(e)     Criteria in deciding on applications.  In making a decision on an application, the board shall use its guidelines.  The board shall consider:

          (1)     The effect of the proposed work on the landmark or the property in the historic district upon which such work is to be done; and

          (2)     The relationship between such work and other adjacent or nearby buildings and property.  In evaluating the effect and the relationship, the board shall consider historical and architectural significance, architectural style, design, texture, materials, and color.  The certificate from the board shall not relieve the applicant from complying with the requirements of other state and local laws and regulations.

     (f)     Consultation with applicants.  Before an applicant prepares his plans, he may bring a tentative proposal to the board for its comments.  The board shall be aware of the importance of finding a way to meet the current needs of the applicant.  The board shall also recognize the importance of approving plans that will be reasonable for the applicant to carry out.

     (g)     Routine alterations; ordinary maintenance and repairs.

          (1)     The board may prepare a list of routine alterations that may receive immediate approval without a public hearing, when an applicant complies with the written guidelines of the board.  At each meeting the board shall be informed of the certificates of appropriateness that have been issued under this provision.  The board shall not regulate the color of paint used on designated property, but it may prepare and distribute material on paint colors appropriate for different types and styles of buildings.

          (2)     Ordinary maintenance and repairs may be undertaken without a certificate of appropriateness provided this work on a landmark or a property in a historic district does not change its exterior appearance in any way that is visible to the public.  Every person in charge of a landmark or a property in a historic district shall keep in good repair:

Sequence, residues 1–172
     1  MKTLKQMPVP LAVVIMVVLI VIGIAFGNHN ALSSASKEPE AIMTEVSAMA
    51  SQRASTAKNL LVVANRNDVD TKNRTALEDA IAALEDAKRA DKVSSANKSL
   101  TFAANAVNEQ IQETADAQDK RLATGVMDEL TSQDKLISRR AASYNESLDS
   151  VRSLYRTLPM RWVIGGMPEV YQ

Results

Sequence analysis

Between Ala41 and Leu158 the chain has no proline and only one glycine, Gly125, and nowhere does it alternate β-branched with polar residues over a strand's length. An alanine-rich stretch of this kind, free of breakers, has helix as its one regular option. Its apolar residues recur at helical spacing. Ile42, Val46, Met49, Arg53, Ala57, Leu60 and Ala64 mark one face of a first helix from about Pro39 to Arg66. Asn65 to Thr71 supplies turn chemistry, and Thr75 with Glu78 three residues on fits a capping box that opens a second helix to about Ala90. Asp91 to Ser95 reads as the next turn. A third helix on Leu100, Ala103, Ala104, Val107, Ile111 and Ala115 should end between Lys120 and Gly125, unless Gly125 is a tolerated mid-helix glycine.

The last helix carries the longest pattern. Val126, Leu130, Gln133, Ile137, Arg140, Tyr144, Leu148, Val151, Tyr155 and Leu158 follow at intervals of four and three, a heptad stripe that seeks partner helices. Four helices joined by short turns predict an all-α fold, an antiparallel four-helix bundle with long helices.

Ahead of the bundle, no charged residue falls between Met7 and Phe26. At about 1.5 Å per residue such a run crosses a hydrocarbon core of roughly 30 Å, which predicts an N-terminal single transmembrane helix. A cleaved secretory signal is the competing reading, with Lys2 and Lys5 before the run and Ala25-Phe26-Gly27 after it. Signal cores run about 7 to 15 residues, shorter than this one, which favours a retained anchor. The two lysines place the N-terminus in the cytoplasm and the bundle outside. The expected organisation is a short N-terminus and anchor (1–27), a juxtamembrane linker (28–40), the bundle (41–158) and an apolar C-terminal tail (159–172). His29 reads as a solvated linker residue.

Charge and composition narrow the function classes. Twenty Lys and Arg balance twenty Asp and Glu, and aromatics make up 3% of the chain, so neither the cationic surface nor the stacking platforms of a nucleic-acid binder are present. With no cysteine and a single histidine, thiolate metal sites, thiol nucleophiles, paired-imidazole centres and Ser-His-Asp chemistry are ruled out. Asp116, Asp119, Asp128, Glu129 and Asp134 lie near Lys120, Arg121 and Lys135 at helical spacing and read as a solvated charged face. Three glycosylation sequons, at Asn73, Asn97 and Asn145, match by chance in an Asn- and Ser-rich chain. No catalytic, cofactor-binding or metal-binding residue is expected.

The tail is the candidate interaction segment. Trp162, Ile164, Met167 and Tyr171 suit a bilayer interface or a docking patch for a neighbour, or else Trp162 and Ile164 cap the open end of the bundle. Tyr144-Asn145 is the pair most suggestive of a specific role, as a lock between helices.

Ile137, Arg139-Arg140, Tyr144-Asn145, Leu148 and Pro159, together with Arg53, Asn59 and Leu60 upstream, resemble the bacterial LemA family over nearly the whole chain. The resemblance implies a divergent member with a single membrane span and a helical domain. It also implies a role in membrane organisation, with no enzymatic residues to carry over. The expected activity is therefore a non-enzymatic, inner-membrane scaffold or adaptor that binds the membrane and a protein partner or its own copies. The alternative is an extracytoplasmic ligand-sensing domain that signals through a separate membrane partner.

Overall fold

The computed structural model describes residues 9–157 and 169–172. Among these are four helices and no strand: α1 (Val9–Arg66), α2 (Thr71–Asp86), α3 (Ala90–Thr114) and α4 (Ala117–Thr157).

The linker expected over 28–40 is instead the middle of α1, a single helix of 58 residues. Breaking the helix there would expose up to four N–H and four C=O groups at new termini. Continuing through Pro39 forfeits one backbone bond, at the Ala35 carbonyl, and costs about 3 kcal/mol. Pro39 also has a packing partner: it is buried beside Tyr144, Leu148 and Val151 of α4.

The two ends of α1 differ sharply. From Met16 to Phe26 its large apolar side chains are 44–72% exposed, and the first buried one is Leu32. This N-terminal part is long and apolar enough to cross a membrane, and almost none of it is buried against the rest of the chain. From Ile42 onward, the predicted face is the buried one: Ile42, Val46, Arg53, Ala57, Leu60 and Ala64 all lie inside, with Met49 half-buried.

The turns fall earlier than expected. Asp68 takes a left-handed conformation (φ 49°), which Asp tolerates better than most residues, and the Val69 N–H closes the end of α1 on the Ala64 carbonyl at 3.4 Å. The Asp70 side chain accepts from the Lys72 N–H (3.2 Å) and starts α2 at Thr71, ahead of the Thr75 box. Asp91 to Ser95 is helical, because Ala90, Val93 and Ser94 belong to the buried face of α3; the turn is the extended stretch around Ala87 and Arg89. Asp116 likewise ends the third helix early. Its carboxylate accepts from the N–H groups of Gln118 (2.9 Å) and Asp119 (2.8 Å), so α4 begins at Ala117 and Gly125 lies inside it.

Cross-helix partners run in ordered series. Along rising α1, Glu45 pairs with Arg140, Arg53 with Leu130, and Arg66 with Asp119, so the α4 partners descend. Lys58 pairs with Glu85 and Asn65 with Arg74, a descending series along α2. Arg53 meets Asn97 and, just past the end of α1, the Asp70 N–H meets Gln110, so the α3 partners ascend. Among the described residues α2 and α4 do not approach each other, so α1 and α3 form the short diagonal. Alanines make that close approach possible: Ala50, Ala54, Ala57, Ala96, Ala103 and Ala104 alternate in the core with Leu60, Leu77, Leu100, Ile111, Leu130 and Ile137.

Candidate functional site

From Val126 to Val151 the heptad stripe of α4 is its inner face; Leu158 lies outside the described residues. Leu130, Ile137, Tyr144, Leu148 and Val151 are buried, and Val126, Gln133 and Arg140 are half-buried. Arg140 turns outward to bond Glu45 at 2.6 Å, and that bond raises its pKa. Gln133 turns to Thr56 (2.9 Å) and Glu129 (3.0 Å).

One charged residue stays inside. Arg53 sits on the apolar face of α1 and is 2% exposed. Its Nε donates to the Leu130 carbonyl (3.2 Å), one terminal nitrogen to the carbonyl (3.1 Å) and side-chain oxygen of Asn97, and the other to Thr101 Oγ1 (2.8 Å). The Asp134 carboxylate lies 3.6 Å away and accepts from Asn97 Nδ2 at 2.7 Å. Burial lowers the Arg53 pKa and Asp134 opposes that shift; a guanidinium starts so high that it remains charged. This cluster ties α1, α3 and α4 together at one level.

a.     All of the exterior portions of such buildings or structures; and

               b.     All interior proportions thereof which, if not so maintained, may cause such buildings or structures to deteriorate or to become damaged or otherwise to fall into a state of disrepair.  The purpose of this provision is to prevent a person from forcing the demolition of his building by neglecting it and by permitting damage to the building because of weather or vandalism.

          (3)     No provision in this article shall be interpreted to require an owner or tenant to undertake an alteration or to restore his building to its original appearance.  The provisions of this section shall be in addition to the provisions of the Kentucky Building Code requiring buildings and structures to be kept in good repair.

     (h)     Meetings with owners about condition of buildings.  The board shall request a meeting with a property owner when his landmark or his building in a historic district is in poor repair, and the board shall discuss with the owner ways to improve the condition of his property.  After this step, the board may request the building inspector to take action to require correction of defects in any building or structure designated under this article so that such building or structure shall be preserved in accordance with the purposes of this article.  Action taken by the city may include boarding up the doors, windows and other parts of the building and additional steps to stabilize walls, roofs and other parts of the building or structure.